A good friend once told me: “The more you paint, the harder it gets. What you know as an artist will always be ahead of what you’ll be able to execute, so get used to it. But your failures will get better.” That’s what I aim for—having better and better failures. It’s the nature of art to never truly achieve all you hoped for in a painting. Art is not the practice of perfection. But you never tire of it, and you never get bored, because there’s always more to learn.

 

Q: Do you participate in a critique group, and if so, what do you gain from it?

A: Constructive criticism is essential for continued artistic growth. I am in the process of building and being part of a critique group composed of local artists. I am lucky in that my husband and daughters have astute “artistic eyes,” and can offer me feedback on my work regularly.

 

A: How important is plein air painting to your art and your continued development as an artist?

Q: Plein air is one of the most important things!

I have a broader definition of plein air painting than some artists. For me, plein air simply means “painting from life.” Direct observation is critical for accuracy. No photograph can provide the richness in color and value I need to paint what’s real. Cameras don’t see how we see. Painting plein air also trains your eye, because not everything in a scene is of equal importance. Parts of a painting need to be quiet, others need to hold more weight. You cannot learn what to subordinate and accentuate by looking at a photograph. For me, plein air painting is better than meditation. Nothing else allows me to settle so deeply into the present.

 

Q: When painting plein air, how do you choose what to paint?

A: Over the years, my approach to plein air painting has changed. Now, I walk for long periods of time and allow space for something to draw me in. I do not “hunt” for a painting, I let the painting choose me.

 

Q: Do you have favorite areas where you like to paint?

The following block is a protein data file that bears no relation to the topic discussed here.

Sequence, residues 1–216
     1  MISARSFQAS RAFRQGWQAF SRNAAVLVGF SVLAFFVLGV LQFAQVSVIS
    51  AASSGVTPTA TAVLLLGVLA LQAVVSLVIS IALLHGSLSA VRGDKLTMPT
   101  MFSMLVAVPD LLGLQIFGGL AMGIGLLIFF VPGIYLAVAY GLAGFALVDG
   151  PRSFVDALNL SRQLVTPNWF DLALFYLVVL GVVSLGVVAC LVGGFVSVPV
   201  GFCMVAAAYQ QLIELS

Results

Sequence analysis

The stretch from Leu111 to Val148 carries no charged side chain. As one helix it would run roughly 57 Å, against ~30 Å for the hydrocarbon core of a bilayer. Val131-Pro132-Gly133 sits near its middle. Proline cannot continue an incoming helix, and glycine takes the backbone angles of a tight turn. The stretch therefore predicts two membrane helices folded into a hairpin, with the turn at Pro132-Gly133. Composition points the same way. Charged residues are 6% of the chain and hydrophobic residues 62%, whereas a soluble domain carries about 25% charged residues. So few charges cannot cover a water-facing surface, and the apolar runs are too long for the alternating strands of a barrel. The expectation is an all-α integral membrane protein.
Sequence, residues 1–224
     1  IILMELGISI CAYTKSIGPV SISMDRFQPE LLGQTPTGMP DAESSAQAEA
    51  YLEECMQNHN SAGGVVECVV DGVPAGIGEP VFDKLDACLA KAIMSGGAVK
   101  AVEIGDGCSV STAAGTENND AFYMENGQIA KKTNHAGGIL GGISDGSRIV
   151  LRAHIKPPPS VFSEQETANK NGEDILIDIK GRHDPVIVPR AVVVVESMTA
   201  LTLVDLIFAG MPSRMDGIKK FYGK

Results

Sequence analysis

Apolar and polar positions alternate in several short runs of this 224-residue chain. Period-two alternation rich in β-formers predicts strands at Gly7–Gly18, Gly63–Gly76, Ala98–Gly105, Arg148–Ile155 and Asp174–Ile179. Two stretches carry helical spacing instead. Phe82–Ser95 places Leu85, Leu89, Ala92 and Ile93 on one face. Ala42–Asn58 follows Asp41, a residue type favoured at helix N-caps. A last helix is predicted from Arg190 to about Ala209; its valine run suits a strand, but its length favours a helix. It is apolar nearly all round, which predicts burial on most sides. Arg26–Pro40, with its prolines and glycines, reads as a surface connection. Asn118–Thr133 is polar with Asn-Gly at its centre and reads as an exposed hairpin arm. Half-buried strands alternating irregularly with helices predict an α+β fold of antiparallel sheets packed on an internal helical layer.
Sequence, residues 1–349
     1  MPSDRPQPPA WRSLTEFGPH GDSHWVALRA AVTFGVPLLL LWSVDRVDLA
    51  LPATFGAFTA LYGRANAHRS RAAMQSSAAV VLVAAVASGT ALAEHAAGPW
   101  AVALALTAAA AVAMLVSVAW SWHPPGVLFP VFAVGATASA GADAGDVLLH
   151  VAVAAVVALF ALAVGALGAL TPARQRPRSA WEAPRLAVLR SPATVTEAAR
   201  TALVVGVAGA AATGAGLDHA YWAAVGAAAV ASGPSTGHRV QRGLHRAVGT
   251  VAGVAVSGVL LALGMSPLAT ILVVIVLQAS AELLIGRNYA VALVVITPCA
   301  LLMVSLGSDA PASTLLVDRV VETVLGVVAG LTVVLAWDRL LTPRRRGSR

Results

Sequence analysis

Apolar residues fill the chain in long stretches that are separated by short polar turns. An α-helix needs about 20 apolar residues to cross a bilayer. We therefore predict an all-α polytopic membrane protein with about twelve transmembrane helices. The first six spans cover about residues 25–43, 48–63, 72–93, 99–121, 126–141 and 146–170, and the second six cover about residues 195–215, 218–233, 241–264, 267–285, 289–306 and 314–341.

A: I’ve always enjoyed painting New Mexico, especially the northern part of the state. I really love to paint water, for its movement and reflectivity. But really, whatever I’m painting at the moment is my favorite thing to paint. I don’t pine for the ocean when I’m painting chamisa. There is no shortage of beauty in the world, so having “favorites” is not terribly important to me. 

 

 

Q: Do you generally view your plein air paintings as studies or are you striving to get framable paintings that can sell?

A: For me, plein air is a highly useful tool. I use them as studies and concentrate on various elements for each painting. Sometimes my focus is predominately on shapes, or shadows. Sometimes design or color are my top priority. I then use what I’ve learned in the field for a studio piece.

 

 

Q: What were your worst and best day painting plein air, and why?

A: There are some funny stories I could tell, but it’s actually a bit more philosophical for me. My worst day painting is when I’m self-conscious and I can’t get out of my own head, or when that critical voice just comes and takes over. My best day painting plein air is when I’m not self-conscious. I’m completely there and just painting.

 

Q: What are your future goals as an artist?

A: To keep growing and getting better.

 

Q: Any other thoughts before we conclude this interview?

A: A poem by the Persian poet Hafiz comes to mind:

 

The difference between a good artist and a great one is:

The novice will often lay down his tool or brush,

then pick up an invisible club on the mind's table

 and helplessly smash the easels and jade.

 Whereas the vintage man no longer hurts himself or anyone

 and keeps on sculpting Light.

 

To me this poem says, “Find the power to say no to any actions that might harm yourself or another”. Think about that a moment. For me, this poem means that my ability to develop artistically and experience joy is directly related to my willingness to surrender the knife of self-criticism. Art is a soulful practice, and as such I choose to not harm myself or others physically, mentally, emotionally, or spiritually. And as for sculpting light, that’s where the wonder and gratitude for painting come into play.

Freeing the Soul Through Art